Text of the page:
Dakota Ac­cess pipe­line al­lowed to keep op­er­at­ing

Houston Chronicle - - BUSINESS - By Blake Ni­chol­son

BIS­MARCK, N.D. — A fed­eral judge ruled Wednesday that the Dakota Ac­cess oil pipe­line can con­tinue op­er­at­ing while a study is com­pleted to as­sess its en­vi­ron­men­tal im­pact on an Amer­i­can In­dian tribe.

U.S. Dis­trict Judge James Boas­berg’s de­ci­sion will come as a blow to the Stand­ing Rock Sioux, who have ar­gued that an oil spill from the pipe­line un­der Lake Oahe — from which the tribe draws its wa­ter — could have a detri­men­tal ef­fect on the tribal com­mu­nity.

“To­day’s de­ci­sion is a dis­ap­point­ing con­tin­u­a­tion of a his­toric pat­tern: Other peo­ple get all the prof­its, and the tribes get all the risk and harm,” said Jan Has­sel­man, an Earthjus­tice at­tor­ney rep­re­sent­ing the tribe in an on­go­ing fed­eral suit through which Stand­ing Rock and three other tribes still hope to shut down the pipe­line.

Boas­berg found that it is likely the Army Corps of En­gi­neers will be able to jus­tify pre­vi­ous de­ci­sions made while per­mit­ting the pipe­line.

“The Corps must sim­ply con­nect the dots,” he said. “This, then, is not a case in which the agency must redo its anal­y­sis from the ground up.”

Boas­berg also ac­knowl­edged that shut­ting down the pipe­line would dis­rupt the en­ergy in­dus­try, but said it wasn’t a ma­jor fac­tor in his de­ci­sion.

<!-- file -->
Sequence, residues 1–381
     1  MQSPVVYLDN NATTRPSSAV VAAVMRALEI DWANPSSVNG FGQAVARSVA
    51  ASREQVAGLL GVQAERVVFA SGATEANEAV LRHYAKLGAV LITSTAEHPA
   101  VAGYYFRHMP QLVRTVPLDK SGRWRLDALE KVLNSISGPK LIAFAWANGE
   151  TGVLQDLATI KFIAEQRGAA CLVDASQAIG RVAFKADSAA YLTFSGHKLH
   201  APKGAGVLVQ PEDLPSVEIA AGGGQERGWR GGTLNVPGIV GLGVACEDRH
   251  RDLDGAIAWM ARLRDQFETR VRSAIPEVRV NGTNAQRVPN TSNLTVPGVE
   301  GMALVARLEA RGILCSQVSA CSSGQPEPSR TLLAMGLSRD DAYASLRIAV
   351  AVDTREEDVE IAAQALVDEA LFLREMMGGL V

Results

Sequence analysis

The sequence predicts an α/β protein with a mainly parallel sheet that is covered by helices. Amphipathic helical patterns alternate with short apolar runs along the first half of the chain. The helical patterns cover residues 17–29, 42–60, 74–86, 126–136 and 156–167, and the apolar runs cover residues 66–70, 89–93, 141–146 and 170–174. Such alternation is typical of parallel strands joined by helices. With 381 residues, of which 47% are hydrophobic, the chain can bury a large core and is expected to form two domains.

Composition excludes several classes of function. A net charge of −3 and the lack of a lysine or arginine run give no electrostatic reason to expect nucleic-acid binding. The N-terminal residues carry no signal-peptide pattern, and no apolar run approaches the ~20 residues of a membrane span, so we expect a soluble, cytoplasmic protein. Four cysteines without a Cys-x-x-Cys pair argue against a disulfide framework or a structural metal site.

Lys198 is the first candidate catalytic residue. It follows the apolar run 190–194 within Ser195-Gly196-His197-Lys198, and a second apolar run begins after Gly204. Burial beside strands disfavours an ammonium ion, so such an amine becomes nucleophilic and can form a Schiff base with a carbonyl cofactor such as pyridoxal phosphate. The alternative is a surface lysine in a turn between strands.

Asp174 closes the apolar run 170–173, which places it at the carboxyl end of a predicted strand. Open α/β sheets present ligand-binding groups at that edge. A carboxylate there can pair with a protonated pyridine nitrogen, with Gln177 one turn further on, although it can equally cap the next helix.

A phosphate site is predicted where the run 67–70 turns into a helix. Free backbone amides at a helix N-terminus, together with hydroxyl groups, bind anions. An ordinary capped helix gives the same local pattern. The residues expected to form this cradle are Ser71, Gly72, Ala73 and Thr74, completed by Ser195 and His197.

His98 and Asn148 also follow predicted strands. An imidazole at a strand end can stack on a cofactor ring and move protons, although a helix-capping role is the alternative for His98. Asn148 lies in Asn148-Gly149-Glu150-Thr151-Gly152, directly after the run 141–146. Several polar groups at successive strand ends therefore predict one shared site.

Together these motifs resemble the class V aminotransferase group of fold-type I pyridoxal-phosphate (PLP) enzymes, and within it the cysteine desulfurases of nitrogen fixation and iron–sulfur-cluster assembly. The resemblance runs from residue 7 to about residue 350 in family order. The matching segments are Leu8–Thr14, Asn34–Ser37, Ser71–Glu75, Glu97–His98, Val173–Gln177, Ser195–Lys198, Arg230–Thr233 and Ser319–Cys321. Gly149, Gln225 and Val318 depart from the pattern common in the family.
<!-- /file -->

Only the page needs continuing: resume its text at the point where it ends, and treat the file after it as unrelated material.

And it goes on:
The $3.8 bil­lion pipe­line built by Dal­las-based En­ergy Trans­fer Part­ners has been op­er­at­ing since June 1, mov­ing oil from North Dakota through South Dakota and Iowa to a dis­tri­bu­tion point in Illi­nois. From there it can be shipped to the Gulf Coast and po­ten­tially lu­cra­tive mar­kets abroad. It has the ca­pac­ity to move half of the oil pro­duced daily in North Dakota, the na­tion’s sec­ond-lead­ing pro­ducer be­hind Texas.

En­ergy in­dus­try of­fi­cials ap­plauded Boas­berg’s rul­ing, with North Dakota Petroleum Coun­cil Pres­i­dent Ron Ness call­ing the pipe­line “a crit­i­cal part of Amer­i­can en­ergy in­fra­struc­ture.”

The Jus­tice Depart­ment de­clined com­ment on be­half of the Corps.

Has­sel­man said Boas­berg’s rul­ing isn’t ap­peal­able.

Tom Stromme / Bis­marck Tri­bune file

The Dakota Ac­cess pipe­line was un­der con­struc­tion a year ago in Mor­ton County, N.D. A judge is let­ting the pipe­line op­er­ate while a study is be­ing com­pleted.

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